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Press Release Images: Opportunity
This black-and-white orbital view shows a large, roundish crater with very jagged edges. Just below the rim in some places can be seen bands, or layers, of rock. Below those, sand-covered slopes descend radially inward toward a large field of dunes at the bottom of the crater, in the middle of the image. Around the crater, a flat, sandy plain dotted with tiny craters here and there extends outward in all directions. Promontories, or outlooks, are nicknamed 'capes' and the coves between them are nicknamed 'bays.' In clockwise order, on the upper left rim of the crater, are the names 'Cabo Frio,' 'Duck Bay,' 'Cape Verde,' 'Cape St. Mary,' 'Bottomless Bay,' 'Cabo Anonimo,' 'Bay of Toil,' and 'Cape Desire.' Above the rim are labels for the days and places where the Opportunity rover stopped and took images, starting with Sol 951 and ending with Sol 1061.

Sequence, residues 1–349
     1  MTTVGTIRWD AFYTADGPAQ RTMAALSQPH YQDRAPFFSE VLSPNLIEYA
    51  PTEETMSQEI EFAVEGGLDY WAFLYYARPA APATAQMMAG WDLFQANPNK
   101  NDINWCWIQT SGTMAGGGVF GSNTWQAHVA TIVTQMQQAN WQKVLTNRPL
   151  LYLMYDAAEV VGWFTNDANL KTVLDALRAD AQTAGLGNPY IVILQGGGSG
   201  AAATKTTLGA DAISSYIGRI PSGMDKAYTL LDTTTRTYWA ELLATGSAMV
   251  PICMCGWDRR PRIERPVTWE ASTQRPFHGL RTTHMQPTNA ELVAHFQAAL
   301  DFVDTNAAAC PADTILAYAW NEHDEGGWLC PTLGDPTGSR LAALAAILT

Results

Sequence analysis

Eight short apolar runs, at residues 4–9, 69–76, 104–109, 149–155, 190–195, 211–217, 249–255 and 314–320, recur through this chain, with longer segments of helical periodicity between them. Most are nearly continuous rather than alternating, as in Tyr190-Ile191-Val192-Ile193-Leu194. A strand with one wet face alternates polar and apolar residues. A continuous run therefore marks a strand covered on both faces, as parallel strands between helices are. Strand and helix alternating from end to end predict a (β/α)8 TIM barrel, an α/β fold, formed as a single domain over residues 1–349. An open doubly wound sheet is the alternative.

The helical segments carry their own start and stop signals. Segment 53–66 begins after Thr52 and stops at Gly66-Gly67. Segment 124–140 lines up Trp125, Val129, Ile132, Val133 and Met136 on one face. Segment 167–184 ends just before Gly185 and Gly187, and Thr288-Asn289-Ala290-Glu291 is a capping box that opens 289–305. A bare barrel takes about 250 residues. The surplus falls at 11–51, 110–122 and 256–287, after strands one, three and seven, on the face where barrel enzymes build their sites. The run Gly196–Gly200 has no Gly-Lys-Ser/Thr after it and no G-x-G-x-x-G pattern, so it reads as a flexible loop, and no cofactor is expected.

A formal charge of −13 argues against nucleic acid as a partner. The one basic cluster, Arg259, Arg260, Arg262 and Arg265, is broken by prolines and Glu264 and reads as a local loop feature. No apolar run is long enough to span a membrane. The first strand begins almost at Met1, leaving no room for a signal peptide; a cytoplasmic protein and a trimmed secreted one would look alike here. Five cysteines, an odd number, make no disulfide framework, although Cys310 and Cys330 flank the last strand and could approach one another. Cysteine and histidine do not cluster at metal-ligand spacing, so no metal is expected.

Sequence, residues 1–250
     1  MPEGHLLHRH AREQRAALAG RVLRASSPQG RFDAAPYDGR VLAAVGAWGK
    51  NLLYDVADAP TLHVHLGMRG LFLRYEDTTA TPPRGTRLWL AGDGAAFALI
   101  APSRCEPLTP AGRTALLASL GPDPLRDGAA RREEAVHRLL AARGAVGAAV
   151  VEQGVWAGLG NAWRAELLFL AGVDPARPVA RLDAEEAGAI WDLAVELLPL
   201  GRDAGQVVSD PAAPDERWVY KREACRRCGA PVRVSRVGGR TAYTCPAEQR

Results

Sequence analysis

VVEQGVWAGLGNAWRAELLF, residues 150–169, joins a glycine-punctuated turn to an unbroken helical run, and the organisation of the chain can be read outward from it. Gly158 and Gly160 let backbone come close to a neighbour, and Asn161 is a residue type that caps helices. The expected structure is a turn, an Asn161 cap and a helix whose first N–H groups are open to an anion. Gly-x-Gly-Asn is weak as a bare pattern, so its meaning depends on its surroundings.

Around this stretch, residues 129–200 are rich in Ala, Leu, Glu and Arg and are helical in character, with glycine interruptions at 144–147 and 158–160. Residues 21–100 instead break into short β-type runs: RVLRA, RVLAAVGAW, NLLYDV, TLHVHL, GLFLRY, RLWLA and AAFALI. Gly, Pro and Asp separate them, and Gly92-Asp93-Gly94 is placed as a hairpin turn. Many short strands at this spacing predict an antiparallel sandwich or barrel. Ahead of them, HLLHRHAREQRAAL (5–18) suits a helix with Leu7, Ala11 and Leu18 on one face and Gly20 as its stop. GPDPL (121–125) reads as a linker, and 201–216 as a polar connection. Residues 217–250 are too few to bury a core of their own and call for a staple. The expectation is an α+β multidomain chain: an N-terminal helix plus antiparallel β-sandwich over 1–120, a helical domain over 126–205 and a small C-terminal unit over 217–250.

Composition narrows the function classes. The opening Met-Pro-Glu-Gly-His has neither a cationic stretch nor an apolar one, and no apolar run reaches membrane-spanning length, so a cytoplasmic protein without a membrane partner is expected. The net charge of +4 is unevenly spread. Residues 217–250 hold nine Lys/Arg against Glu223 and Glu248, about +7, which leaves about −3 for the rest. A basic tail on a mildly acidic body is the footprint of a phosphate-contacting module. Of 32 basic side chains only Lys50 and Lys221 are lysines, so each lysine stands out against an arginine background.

Satellite View of Opportunity's Journey around "Victoria Crater"

Three years after embarking on a historic exploration of the red planet and six miles away from its landing site, NASA's Mars Exploration Rover Opportunity is traversing "Victoria Crater" ridge by ridge, peering at layered cliffs in the interior. To identify various alcoves and cliffs along the way, science team members are using names of places visited by the 16th-century Earth explorer Ferdinand Magellan and his crew aboard the ship Victoria, who proved the Earth is round. (All names are unofficial unless approved by the International Astronomical Union.) This orbital view of "Victoria Crater" was taken by NASA's Mars Reconnaissance Orbiter.

Image credit: NASA/JPL-Caltech/Univ. of Arizona
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